I woke up several times last night, gasping for a drink of water. The cold I’ve had for the past two weeks has kept me dehydrated, constantly thirsty, feeling dry and withered. Water has been there, straight from the tap, cold and clean, and I have appreciated it more than on an ordinary day. I have needed it more.
When I have gone out, walked around town, or headed to the university campus, I have resented the lack of water fountains, the effort that must be made for that vital drink. I have resented it more because of my increased need, but even when I am well, and drink water roughly as often as a camel in the desert, this is something that I notice, and that bothers me, in that quiet, nagging way that important things often do.
When I have stayed in, and read news articles about the protesters at Standing Rock striving to protect clean water, I have resented everything about the moral and cultural desert that the pipeline represents: water being taken so much for granted that it takes a group of people putting themselves at risk to make the world see the value it possesses.
Water is sold in bottles from supermarkets, cafes, airplane trolleys. It is labelled with whichever location or environment will make it sound purer, and therefore more posh, regardless of its actual origins. In Denmark, by law, if you ask for tap water in any dining establishment, they must give it to you, free of charge, yet twice now I have been told it will cost extra. So, in one sense, we do understand the value of water, its worth as a commodity and a product to be made attractive and then sold. In that sense, it is no different from Coke.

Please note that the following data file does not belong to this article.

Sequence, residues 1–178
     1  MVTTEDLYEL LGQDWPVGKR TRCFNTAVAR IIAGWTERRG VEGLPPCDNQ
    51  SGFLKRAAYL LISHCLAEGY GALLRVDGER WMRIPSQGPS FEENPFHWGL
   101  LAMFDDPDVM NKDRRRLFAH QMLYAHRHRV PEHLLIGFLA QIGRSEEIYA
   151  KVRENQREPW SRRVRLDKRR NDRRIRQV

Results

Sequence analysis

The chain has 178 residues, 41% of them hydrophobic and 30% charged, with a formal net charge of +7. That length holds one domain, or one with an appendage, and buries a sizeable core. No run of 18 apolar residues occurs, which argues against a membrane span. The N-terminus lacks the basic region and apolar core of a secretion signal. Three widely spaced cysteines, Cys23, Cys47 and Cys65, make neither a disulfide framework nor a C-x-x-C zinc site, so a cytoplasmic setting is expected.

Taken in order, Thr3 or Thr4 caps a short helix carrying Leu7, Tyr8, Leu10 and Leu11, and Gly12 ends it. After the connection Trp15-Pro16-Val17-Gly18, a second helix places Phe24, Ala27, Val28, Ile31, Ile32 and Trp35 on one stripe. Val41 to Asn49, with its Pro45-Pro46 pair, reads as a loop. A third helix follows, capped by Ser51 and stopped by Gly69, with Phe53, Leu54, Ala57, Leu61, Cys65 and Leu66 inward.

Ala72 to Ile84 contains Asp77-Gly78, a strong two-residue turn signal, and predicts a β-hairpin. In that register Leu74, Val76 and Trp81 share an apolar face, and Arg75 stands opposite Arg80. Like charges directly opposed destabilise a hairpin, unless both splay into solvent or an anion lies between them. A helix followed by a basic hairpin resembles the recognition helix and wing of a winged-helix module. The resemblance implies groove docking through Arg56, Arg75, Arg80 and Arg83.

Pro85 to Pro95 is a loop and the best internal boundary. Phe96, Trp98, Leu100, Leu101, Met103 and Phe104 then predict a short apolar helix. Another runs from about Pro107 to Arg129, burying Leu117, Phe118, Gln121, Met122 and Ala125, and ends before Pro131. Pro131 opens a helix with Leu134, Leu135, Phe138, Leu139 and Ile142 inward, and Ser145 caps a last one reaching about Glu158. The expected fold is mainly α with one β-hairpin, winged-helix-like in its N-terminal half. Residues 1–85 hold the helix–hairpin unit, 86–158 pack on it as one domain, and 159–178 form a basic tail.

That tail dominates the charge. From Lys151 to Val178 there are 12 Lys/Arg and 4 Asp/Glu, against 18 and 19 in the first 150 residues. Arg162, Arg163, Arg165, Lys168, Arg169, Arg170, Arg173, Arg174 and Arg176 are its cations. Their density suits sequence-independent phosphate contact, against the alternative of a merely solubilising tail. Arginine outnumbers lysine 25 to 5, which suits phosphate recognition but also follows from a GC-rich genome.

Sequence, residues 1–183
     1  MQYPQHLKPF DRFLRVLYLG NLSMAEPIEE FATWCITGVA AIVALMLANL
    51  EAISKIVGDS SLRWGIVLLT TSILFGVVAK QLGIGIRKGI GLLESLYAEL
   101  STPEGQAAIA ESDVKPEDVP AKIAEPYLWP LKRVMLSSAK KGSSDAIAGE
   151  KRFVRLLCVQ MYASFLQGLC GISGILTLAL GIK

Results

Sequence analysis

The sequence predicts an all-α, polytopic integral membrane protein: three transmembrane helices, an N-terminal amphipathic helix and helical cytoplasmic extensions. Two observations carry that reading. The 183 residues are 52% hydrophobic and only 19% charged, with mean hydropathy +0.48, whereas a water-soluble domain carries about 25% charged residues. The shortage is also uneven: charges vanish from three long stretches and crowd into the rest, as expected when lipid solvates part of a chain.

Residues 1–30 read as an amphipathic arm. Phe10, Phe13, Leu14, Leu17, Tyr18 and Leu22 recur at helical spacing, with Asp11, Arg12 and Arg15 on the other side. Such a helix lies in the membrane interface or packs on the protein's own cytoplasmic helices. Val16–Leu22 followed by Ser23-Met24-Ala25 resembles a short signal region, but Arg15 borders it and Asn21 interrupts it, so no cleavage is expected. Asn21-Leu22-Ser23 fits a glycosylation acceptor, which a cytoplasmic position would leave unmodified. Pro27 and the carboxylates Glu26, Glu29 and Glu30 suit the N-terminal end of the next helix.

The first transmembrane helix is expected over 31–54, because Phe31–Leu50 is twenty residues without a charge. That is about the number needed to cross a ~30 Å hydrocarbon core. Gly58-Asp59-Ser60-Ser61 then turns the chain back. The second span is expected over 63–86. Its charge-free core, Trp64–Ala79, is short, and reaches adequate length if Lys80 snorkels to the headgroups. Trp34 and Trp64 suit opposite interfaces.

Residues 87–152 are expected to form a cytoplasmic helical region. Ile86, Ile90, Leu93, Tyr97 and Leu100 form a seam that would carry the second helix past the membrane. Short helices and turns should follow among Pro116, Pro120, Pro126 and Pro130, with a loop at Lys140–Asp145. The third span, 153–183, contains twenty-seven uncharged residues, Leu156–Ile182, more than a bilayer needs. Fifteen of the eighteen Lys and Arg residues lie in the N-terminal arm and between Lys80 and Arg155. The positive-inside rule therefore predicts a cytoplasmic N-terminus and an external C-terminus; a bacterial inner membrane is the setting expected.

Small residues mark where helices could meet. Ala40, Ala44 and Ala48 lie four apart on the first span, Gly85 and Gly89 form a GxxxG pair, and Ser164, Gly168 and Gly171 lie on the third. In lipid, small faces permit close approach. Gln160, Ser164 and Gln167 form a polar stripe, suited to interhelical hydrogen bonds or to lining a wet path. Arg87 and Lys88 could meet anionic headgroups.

On any given map of a country, bodies of water are blanks, negative space to balance out the tangle of names and boundaries, but these names are likely to be thickest right beside them. The maps of most cities feature at least one major water body, around which the city flows, around which it began. The cartographic value of water is distinct from its commercial one, in that it can constitute an unnoticed focal point, an artery through the jumble of city streets.
Clean drinking water is not usually a priority for urban or road maps, which focus on showing you how to get around: if you need to cross it, avoid it, or swim in it, the map will let you know, but for drinking, you’re on your own. Still, camping maps will indicate where clean drinking water can be found. Smaller maps, of museums or shopping centres, for example, occasionally include indications of water fountains. In my work this summer, I asked twelve- and thirteen-year-olds how much they knew about water, and where they thought drinking water came from. The concept of a ‘watershed address’ redrew the map, allowed them to put water at the centre of their personal geographies, rather than at the periphery. It also meant that they saw water systems as interconnected, the effects of their actions upon them as far-reaching.
What those at Standing Rock know about water is that it is necessary for life. They know that it is constantly in motion, and affects immense areas. And they are aware that to risk poisoning it should be abhorrent to all people in all places. There are many people who should know that already, but for whom water is too invisibly embedded in the landscape. It is there, it has always been there, it is assumed always to be there. As on the map it is a blank, open space, in everyday life its value is overlooked, because, for most of us, there is no struggle to find it.
When water becomes valued as a person’s need instead of a consumer’s desire, the thought of putting it at such risk will be recognized as indefensible. When clean drinking water becomes more than an abstract right, protecting the watershed will in turn be an evident and practical goal. There may even, with any luck, be drinking fountains at the university.